Will the real Slim Shady please stand up… (aka how to present your “side hustle” as an employee)
Okay, before I get into this post, I’d like to clarify that this is not an ode to “Slim Shady”, otherwise known as Eminem. But yes, I did listen to *some* of his music in the 90s, or whenever it was that track came out.
I felt I needed to write this post because lately I’ve been meeting and talking with a lot of professional people who feel trapped in the closet when it comes to their work lives.
The closet I’m talking about here is the closet of having two work identities — employee by day, entrepreneur by night.
These are people who have a day job but also dabble in a “side hustle”* when the nine to five is over.
[*Note: A side hustle is something that brings in cash, outside of your main job. It’s a way for you to pursue something you’re interested in (and usually good at, at some level) without it necessarily being a full-time job.]
Some of these people want to be in business full time at some point; others simply like the creative expression the side hustle gives them, and of course the extra income.
It’s great having a side hustle. In fact, more and more of us are going down this road of dual work identities since the time of relying on one job or career for life is pretty much in the land of dinosaurs now.
I’ve had a side hustle throughout my entire work life and there have been times when my side hustle has been my main hustle for a season.
However, as great as having a side hustle is, not all employers are as keen or as clued up on its benefits, so I’m coming across professionals time and time again who find themselves struggling with which “version” of themselves to present on their CVs and LinkedIn profiles so it doesn’t negatively impact their chances of future employment.
Which one of you is the real slim shady…?
So, who exactly is the real slim shady? When it comes to your work life, I propose to you that that person is you — all of you. Yes, that means the Clark Kent employee and the Superman side hustler! They are both you therefore both versions of yourself should make an appearance in your CV and LinkedIn profile.
Why? Well firstly because running a business or a side gig alongside your day job gives you some pretty darn good transferrable skills that your future employer needs to know about!
You have to be organised and good at time management, for a start, and then there’s the great communication needed for client interactions, the money management skills, creativity in generating and executing ideas, problem-solving, project management, and much more!
Not including these on your CV and/or LinkedIn profile is selling yourself short for no good reason.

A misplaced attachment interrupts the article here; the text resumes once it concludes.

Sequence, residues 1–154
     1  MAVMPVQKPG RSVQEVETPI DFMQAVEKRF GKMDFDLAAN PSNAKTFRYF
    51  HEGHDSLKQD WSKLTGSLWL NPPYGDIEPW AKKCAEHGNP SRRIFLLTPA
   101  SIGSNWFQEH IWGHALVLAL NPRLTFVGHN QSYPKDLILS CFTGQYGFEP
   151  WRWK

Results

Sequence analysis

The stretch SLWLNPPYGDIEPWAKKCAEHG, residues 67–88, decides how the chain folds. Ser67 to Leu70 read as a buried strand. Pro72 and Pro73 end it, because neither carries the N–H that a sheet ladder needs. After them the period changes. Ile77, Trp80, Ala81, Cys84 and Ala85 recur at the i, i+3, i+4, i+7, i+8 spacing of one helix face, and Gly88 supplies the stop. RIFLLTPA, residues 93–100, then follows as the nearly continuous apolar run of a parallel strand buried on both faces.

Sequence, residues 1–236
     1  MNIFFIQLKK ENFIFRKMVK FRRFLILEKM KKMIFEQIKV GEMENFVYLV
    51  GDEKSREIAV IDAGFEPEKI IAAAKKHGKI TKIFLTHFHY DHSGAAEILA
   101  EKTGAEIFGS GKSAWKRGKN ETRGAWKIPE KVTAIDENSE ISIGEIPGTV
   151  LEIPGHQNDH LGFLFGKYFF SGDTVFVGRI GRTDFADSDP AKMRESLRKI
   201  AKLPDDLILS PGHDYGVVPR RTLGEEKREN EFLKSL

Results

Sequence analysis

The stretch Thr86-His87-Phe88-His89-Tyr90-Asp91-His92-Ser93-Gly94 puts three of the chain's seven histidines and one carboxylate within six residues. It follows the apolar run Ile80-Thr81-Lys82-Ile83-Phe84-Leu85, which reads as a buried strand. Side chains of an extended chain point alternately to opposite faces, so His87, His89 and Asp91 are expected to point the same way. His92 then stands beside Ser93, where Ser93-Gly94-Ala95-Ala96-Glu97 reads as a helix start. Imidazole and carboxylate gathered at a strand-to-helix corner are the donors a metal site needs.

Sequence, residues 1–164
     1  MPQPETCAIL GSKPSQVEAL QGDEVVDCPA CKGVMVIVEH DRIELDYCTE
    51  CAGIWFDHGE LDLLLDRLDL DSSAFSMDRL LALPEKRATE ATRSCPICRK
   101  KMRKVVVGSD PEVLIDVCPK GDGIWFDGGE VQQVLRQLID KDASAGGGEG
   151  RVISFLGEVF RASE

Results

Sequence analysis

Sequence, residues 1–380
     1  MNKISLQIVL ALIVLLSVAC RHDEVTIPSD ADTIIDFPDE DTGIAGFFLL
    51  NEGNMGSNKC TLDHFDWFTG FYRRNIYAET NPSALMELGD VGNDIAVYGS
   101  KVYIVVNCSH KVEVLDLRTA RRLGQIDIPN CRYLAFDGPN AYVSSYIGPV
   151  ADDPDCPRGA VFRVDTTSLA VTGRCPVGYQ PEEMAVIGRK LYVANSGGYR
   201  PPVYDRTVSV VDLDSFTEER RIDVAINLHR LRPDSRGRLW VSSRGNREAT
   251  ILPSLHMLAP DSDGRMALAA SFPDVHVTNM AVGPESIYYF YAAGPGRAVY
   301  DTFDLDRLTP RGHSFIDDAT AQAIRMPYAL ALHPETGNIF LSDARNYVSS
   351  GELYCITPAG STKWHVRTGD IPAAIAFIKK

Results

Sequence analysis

Shout it loud and proud…well, maybe not…
Yes, it is important to reference your side hustle in your CV and LinkedIn profile but how you do it matters.
I’ve seen some people go as far as creating online alter egos in a bid to hide their side hustle. This is at best a LOT of hassle to maintain, and at worst, a little dishonest.
At the same time, I don’t recommend broadcasting your side hustle “loud and proud” on your CV as this could potentially intimidate some employers and cause them to question your commitment to the working world (i.e. is this person going to clear off to run their own business in six months’ time after I spend money investing in hiring and training them?).
The best approach sits somewhere in between the two — you mention your side hustle in your CV and LinkedIn profile but in the same casual manner as your other job entries (unless the job is calling for someone with entrepreneurial tendencies, in which case feel free to shout loud and proud!).
This means you lose the ego trip of big titles like owner, director, CEO — those only serve to ring alarm bells to the employer (see clearing off point above) — and instead list yourself as an employee or freelancer in your business.
This now buys you the legitimate right to bring all the relevant crossover skills and experience from your side hustle into the big picture of why you’re the best fit for the role at hand, without intimidating or worrying anyone.
And plus, it’s far better for your new employer to find out from you beforehand that you have a side hustle (which is not going to compete with the time or energy you invest into the job) than it is for them to discover it accidentally from somehow stumbling across the alter ego profile you’ve been trying to hide, which could lead to more serious consequences.